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Interesting to note that what was advertised as a quiet US Thanksgiving week turned out to be official "back-paddle" week on a number of fronts in a number of different countries. The back-paddling activities were started off by Mr. Stephen Roach of Morgan Stanley fame. After a Boston based newspaper carried a story that Mr. Roach made a presentation to some institutional investors with the main theme that the US had a 90% chance of heading into an economic Armageddon, old Steve was quick to change his tune both on the Stanley website and in a column published in the New York Times that as long as the US$ can be devalued in a controlled fashion, everything should be honky-dory-peachy. Armageddon? What Armageddon? I don't see no Armageddon!!! That 90% probability disappeared instantly. Perhaps it was zapped with one of them Taser guns over the weekend. Then there was Captain David Dodge of the good ship called the Bank of Canada. He finally came over to the dark side by admitting that an 85-cent Canadian dollar might be a slight problem for the Canadian export sector. About time, Dave! And it just gets better... Next we have a guy named Yu YongDing. He happened to be a Bank of China Official, which did not preclude him from being a DingDong and publicly discuss the fact that the Bank of China (BOC) has stopped buying Treasuries for a few months now and is making a conscious effort to diversify its assets away from US$ denominated securities. Well it did not take Chinese officials a few months (like Dodge on the dollar) or a few weeks (like Roach on Armageddon) to back-paddle. Although Treasury holdings by CBs are public knowledge (all that those hordes of economists/strategists needed to do is look at the Fed custody data), the market really did not expect a BOC Official to point out this strategy. I also kinda wonder how China will hold the Remnimbi-peg in place if it stops buying US Treasuries? Shoelaces are good. And last, but not least, PIMCO Bond Guru B(ig) B(ad) B(ill) Gross is out with a fresh new monthly comment. I believe it is well documented that Big (Bad) Bill has been consistently looking for higher bond yields (and not quite finding them) for the better part of a year. So our hero is now hedging his bets and telling us that lower bond yields might be here to stay a little longer as long as they get continued support from those darned Asian CBs... But didn't Mr. Yu Yong, the DingDong from the BOC just tell us that they stopped buying US Treasuries months ago. Oh, right, that was erased from the public record and Mr. Yong has since been reassigned to tend to the administrative affairs of a remote Tibetan monastery. This is all soooooooooo confusing!!!! I don't know about y'all, but what I reckon is that we have some payroll data coming this Friday. Consensus is 200k. If the number is at 200k, bonds go sideways, perhaps slightly lower in yield for the rest of the year. If the number is South of 100k, yields go back to 4% and the Fed stays put in December (my favoured scenario), and if the number is reported North of 300k, then we go to 4.5% in a jiffy. Period. And no paddles. Just a few hedge-funds maybe.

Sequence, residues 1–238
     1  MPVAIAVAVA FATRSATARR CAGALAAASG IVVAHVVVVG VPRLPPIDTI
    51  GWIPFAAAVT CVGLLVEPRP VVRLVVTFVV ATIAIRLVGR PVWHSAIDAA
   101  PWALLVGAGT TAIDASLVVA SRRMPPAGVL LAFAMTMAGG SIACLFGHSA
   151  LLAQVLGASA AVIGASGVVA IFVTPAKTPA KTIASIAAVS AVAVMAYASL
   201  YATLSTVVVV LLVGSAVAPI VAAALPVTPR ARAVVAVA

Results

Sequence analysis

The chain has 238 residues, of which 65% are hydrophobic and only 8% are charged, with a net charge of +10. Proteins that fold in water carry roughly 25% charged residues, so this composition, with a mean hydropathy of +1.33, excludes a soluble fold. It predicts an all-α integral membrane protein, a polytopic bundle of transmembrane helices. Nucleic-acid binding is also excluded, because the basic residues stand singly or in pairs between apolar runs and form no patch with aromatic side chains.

NOTEWORTHY: The economic data was minor and mixed last week.